Zero thefts at Penticton’s Skaha Bluffs, thanks to ParkWatch

A program born out of the rise in thefts from climber’s vehicles at Skaha Bluffs last year is reporting a drastic reduction this year.

Ryan Ausbrook and his faithful companion

Ryan Ausbrook and his faithful companion

A program born out of the rise in thefts from climber’s vehicles at Skaha Bluffs last year is reporting a drastic reduction this climbing season.

“The good news is we’ve had zero break-ins since the beginning of our program,” said Rolf Rybak, vice president and regional director of the Climber’s Access Society of B.C.

The program started with a ParkWatch monitor employee on site at the Skaha Bluffs every day since April 15, above and beyond the initial coverage the program was hoping for.

Read more: Program to clamp down on Skaha Bluff thefts

“They’ve been a great deterrent, no one in the climbing community or anywhere else have reported a break-in in the parking lot,” Rybak said.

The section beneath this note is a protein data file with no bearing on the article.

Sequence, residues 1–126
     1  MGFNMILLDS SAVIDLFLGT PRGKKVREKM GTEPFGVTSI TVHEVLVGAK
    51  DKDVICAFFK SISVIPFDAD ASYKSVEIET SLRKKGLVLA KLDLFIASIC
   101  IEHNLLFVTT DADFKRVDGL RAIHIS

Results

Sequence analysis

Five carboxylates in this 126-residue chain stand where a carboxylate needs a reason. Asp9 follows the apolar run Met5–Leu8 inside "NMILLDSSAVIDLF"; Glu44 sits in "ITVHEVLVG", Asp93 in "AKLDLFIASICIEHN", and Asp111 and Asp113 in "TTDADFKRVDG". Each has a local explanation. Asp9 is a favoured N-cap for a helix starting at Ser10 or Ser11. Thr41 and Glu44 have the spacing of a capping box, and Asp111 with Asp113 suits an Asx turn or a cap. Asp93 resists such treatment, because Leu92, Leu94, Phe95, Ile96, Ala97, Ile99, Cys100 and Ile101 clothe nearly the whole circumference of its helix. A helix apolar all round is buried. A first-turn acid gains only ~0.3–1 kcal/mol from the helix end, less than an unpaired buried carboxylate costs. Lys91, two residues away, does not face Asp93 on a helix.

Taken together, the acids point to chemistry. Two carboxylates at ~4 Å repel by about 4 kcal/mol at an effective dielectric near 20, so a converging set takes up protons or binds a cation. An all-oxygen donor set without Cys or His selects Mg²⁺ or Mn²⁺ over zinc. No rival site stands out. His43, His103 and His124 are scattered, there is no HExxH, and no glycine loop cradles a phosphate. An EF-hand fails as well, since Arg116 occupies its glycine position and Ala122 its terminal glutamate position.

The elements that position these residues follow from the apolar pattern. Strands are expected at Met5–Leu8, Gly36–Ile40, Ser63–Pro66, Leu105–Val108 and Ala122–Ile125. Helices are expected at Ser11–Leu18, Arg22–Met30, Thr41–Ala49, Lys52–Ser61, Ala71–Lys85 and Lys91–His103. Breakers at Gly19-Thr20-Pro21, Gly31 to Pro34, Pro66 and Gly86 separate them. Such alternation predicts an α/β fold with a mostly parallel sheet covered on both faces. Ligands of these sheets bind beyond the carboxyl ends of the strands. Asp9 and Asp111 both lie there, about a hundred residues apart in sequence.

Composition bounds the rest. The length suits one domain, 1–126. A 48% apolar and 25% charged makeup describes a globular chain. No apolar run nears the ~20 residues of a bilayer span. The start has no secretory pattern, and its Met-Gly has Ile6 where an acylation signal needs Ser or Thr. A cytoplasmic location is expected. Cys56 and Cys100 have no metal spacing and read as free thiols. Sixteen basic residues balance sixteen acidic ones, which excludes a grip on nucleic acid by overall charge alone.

Adding even more value to the program, Rybak said, is the ParkWatch employees are hired through the help of Penticton and Area Co-operative Enterprises (PACE), giving an employment opportunity to those who face barriers.

“And the money goes straight back to the community, how good is that for a program?” Rybak said. “It’s a real win-win for everyone.”

The program is dependent on grants from the City of Penticton and donations from private individuals and businesses for funding and is continuing fundraising efforts.

“We have increased our coverage, we’re there every day now,” Rybak said.

The ParkWatch monitors also hand out brochures with climbing maps, as well as ICBC advice to keep your care safe, information on protecting the park and best practices and information for those looking to donate to the program.

“We’re constantly looking for corporate or business donations because the climbers have come back this year. Last year we estimate we lost 30 per cent of our climbing visitors because of the break-ins,” Rybak said. “This year the news has gone out really fast, people are coming back.”

Rybak said there is an estimated 85,000 visitors to the bluffs, recognized as one of Canada’s premiere sport climbing destinations.

The most recent economic input study estimated the bluffs bring a $4-million impact into local economy every season.

“This program is dependent on grants and business sponsorships so we’re always looking for opportunities,” Rybak said.

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